The Basics


What is diabetes? Learn how to prevent and manage diabetes with healthy foods, exercise, and medicine.

Medically Reviewed By:

Dr. Aashish Samat

Last Updated:

December 19th, 2022

What is Diabetes?

Diabetes is a long-term health condition that affects how our bodies turn food into energy.

Roughly 1 in 10 people in the United States have diabetes.

Our body breaks down most of the food we eat into glucose (sugar). The sugar goes into our bloodstream, and it’s called blood sugar. Usually, when our blood sugar goes up, our pancreas releases insulin. Insulin tells our cells to let in sugar from our blood and use it for energy. This brings our blood sugar back to normal.

Diabetes happens when we don’t make enough insulin, or our cells don’t respond to insulin enough.

Types of Diabetes

Diabetes is divided into three types: Type 1, Type 2, and Gestational.

Type 1 Diabetes: In type 1 diabetes, our immune cells destroy insulin-making cells. So, our body doesn’t make insulin. Type 1 diabetes usually starts in children, teens, or young adults, so it used to be called Juvenile Diabetes.

Gestational Diabetes: sometimes, a pregnancy can cause diabetes. This is called gestational diabetes. Usually, gestational diabetes goes away after the baby is born.

Type 2 Diabetes: 90-95% of people with Diabetes have Type 2 Diabetes. Type 2 diabetes happens when our cells respond less to insulin or our pancreas doesn’t produce enough insulin. So, blood sugar stays high. Type 2 diabetes is mainly caused by our diet and lifestyle. Usually, people have prediabetes before they develop Type 2 Diabetes.

How Do People Get Diabetes?

We don’t know exactly why Type 1 diabetes happens. It might be an autoimmune condition. Type 1 diabetes is likely triggered by genes and environmental factors, Type 1 diabetes can run in a family. Diet and lifestyle don’t cause Type 1 diabetes.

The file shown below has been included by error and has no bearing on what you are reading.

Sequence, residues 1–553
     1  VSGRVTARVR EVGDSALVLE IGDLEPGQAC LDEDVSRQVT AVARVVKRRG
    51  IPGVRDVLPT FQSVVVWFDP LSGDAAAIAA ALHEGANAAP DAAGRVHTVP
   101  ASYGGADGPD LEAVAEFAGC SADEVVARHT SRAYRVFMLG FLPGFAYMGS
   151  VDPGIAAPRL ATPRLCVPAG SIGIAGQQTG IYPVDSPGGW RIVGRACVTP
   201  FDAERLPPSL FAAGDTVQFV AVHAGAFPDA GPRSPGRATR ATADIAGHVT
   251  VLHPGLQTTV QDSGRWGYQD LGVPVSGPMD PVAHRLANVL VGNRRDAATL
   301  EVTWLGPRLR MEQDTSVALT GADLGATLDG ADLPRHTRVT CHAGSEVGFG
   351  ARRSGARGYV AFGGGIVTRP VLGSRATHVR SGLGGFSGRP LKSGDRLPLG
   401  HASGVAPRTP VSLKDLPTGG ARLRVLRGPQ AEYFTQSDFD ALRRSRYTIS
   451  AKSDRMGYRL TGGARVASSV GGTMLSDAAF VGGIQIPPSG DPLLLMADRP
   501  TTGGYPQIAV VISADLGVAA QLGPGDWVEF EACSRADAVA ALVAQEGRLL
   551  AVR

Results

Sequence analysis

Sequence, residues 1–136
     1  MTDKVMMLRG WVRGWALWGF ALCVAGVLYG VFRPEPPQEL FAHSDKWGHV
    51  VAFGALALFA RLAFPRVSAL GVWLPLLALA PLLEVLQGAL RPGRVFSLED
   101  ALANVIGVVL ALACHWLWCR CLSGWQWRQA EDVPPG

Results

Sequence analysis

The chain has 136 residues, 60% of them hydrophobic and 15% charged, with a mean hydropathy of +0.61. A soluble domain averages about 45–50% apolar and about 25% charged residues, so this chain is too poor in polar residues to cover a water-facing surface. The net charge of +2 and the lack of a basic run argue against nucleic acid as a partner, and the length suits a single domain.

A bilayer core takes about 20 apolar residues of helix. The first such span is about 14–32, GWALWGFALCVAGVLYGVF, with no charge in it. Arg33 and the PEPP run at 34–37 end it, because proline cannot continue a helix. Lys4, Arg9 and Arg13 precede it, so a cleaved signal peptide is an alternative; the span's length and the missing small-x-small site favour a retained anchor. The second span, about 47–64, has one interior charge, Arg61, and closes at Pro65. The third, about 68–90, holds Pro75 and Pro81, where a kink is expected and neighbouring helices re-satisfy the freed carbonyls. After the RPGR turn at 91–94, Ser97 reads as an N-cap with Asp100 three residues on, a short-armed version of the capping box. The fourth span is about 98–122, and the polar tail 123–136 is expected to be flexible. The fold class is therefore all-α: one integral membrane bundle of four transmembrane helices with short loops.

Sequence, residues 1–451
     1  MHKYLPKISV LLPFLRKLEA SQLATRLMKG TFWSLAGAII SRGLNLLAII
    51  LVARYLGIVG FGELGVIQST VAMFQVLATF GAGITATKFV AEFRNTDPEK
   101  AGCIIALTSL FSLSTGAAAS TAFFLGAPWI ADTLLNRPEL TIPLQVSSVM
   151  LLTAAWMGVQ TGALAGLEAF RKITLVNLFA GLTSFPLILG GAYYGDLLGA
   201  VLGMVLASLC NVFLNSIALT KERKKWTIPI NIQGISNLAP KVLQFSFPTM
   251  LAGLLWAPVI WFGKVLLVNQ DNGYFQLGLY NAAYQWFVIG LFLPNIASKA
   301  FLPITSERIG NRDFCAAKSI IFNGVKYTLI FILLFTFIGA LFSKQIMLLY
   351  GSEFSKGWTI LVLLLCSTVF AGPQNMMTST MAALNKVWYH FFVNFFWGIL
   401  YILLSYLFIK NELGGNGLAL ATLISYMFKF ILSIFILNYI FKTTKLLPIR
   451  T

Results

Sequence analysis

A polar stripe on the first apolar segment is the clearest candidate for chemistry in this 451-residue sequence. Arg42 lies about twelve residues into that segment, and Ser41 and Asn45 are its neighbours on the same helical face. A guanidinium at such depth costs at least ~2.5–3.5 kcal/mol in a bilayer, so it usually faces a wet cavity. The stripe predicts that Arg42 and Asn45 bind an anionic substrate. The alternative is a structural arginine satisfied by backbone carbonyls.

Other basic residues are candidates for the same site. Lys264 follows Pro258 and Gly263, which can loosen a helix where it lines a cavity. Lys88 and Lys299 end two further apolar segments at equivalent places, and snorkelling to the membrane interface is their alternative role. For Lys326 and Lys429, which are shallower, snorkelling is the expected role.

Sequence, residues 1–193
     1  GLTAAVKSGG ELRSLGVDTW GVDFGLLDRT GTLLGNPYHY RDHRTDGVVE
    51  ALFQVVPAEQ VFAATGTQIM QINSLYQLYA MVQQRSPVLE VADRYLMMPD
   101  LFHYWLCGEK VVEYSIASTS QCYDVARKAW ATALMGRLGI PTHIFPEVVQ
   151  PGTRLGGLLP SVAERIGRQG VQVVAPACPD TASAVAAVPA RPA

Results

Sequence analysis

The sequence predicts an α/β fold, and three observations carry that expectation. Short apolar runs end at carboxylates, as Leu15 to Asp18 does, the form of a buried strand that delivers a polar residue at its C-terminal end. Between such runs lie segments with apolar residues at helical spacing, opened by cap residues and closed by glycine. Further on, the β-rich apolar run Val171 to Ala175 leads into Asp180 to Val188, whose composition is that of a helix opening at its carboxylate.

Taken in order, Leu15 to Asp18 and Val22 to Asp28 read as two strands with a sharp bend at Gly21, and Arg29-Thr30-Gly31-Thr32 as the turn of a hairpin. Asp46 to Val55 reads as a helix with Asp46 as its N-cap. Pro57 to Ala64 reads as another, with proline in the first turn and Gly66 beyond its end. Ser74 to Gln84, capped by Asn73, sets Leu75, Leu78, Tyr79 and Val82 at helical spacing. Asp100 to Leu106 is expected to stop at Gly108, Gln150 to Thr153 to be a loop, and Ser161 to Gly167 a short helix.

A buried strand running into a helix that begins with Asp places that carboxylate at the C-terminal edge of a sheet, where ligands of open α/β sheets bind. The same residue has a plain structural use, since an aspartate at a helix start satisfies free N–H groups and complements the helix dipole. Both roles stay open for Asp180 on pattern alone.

Pregnancies cause a variety of hormones and changes. In gestational diabetes, these changes cause some pregnant patients to develop insulin resistance. Diet, lifestyle, and weight also increase the risk of gestational diabetes.

Diet, activity, and lifestyle factors cause Type 2 Diabetes. Genes and your family history may also play a role.

How Does Diabetes Progress?

Type 1 diabetes usually develops quickly, and patients usually don’t have control over it.

Type 2 diabetes is a slow progression, in four stages, called Dysglycemia-Based Chronic Disease (DBCD) Stages 1-4

  1. Insulin Resistance: cells start becoming resistant to insulin, but they still respond. Blood sugar is normal.

  2. Prediabetes: Our bodies produce less insulin, or our cells become more resistant. The effect is bad enough to see high blood sugar levels. Prediabetes and insulin resistance are still reversible with diet and lifestyle changes.

  3. Stage 3: The effect worsens, and blood sugar levels remain too high. Elevated blood sugar starts causing long-term damage.

  4. Stage 4: The disease gets even worse, damaging our vascular system (blood vessels) and organs.

In general, patients with all stages of diabetes and high blood sugar might experience:

  • Urinating (peeing) too often, especially at night

  • Too thirsty 

  • Too hungry, even if you are eating

  • Blurry vision

  • Losing weight without trying (type 1)

  • Feeling tired and weak

  • Feeling numb or tingling (pins-and-needles) at hands and feet (type 2)

  • Having dry skin

  • Cuts, bruises, and sores take a long time to heal

  • Getting lots of infections

Often patients with diabetes feel no symptoms, or these symptoms could be related to another condition. It’s important to speak with your doctor.

How Can You Tell if You Have Diabetes?

Symptoms alone are not enough to have diabetes. You have to get tested by your healthcare provider (doctor/nurse).

Diabetes tests include A1c, Fasting Blood Sugar Test, Glucose Tolerance Test, Glucose Screening Test, and Random Blood Sugar Test.